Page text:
I believe that the general public doesn’t quite understand the breakthroughs that have occurred in aging science. They only understand diseases, even though in many of the disease areas, like cancer, for example, there haven’t been the breakthroughs that the general public has been led to believe. I think the aging community has to do a better job of explaining what the breakthroughs have been and will be in the coming years, and only then will the general public begin to support it.

Some longevity activists are trying to use radical messaging that tries to intrigue potential supporters with a tenfold increase in lifespan instead of explaining the relationship between aging and disease along with the possibility of making the very processes of aging the actual therapeutic targets. What’s your way of overcoming the initial public skepticism about the usefulness of aging research?



I believe what we try to tell the general public is that a better world for everyone is in the picture. We don’t exaggerate what there might be; we don’t know what there might be. It’s much better to talk realistically, not negative, but realistically, so that people are unsuspicious, and they don’t think that “Oh, you’re doing this because you’re trying to sell a drug.” Or “You’re making it up because this is the fountain of youth, and we’ve heard that for thousands of years.” We at AFAR try to kind of take a middle ground so that people will believe us that aging science is a credible science. It was something that we hoped for, and now we can promise results.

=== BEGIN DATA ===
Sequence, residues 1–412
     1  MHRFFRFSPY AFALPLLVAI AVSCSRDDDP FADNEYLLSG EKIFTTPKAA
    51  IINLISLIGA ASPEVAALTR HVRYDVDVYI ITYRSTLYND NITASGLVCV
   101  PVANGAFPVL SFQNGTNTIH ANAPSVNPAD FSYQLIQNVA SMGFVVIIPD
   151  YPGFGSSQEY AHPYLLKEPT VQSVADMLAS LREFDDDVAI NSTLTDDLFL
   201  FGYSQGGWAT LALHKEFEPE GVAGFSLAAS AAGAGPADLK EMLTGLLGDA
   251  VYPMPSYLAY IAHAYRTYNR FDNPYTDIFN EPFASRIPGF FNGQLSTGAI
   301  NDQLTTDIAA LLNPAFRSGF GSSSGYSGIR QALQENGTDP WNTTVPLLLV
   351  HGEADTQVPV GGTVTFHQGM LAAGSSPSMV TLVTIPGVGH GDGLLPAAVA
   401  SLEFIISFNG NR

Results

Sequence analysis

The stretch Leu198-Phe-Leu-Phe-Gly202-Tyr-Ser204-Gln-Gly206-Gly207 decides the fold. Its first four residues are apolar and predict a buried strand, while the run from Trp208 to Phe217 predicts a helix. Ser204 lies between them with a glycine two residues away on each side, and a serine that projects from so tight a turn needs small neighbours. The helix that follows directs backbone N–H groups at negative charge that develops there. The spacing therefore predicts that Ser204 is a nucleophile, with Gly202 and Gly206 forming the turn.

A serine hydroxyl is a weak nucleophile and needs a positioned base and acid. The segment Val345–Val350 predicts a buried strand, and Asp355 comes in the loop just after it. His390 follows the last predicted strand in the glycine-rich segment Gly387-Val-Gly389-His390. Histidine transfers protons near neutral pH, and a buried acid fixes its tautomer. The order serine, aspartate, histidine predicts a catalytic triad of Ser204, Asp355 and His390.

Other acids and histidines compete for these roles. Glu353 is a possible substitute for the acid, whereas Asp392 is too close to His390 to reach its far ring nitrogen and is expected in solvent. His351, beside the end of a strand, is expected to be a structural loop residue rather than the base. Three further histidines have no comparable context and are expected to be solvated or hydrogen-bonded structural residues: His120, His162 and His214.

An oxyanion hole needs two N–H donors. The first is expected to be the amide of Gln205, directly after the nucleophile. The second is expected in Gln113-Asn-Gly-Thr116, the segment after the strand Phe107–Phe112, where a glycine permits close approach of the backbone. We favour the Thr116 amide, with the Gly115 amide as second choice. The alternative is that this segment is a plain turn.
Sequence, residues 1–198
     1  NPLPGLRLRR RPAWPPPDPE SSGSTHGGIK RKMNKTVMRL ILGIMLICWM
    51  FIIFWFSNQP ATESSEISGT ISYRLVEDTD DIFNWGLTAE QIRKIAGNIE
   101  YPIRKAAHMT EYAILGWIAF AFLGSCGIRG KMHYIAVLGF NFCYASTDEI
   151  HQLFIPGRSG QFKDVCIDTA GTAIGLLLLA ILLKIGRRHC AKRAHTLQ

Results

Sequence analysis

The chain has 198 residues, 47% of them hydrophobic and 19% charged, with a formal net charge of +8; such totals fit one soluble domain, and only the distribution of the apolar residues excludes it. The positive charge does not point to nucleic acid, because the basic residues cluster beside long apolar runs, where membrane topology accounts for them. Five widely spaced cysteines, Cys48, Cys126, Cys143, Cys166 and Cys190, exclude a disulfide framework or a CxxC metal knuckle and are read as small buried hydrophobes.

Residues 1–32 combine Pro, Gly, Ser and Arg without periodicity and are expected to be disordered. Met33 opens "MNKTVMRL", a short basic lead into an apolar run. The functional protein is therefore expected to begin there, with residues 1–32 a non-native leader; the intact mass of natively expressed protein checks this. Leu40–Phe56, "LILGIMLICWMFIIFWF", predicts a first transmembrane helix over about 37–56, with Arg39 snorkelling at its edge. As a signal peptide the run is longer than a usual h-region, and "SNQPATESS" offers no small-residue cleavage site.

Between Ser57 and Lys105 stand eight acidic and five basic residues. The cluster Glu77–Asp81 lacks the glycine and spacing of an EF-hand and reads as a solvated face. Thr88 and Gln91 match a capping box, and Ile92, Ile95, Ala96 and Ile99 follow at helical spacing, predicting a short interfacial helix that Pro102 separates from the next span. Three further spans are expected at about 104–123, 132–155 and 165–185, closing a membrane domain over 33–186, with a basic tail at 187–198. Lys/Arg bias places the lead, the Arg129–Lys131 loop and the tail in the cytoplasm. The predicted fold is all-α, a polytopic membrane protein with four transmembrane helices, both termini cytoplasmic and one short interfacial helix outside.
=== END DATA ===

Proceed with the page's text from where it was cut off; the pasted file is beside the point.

What kinds of organizations or researchers are eligible for your grants’ support, and how much support are you usually able to provide to different types of grantees?

We have a range of programs, and everyone is eligible, if they have a good scientific proposal. We have peer review, but we are very interested in those proposals that are risky, because we get money from the private sector; the government takes care of those that are not as risky. So we look for those that are risky, but we do fund all over the world now. We’re looking for mainly those who are starting out; very often, it’s their breakthrough grant, and we allow them then to get more funding and be an established investigator.

What kind of topic is the most attractive for AFAR? Is there a favorite area of research, such as a focus on a specific hallmark of aging and its related conditions?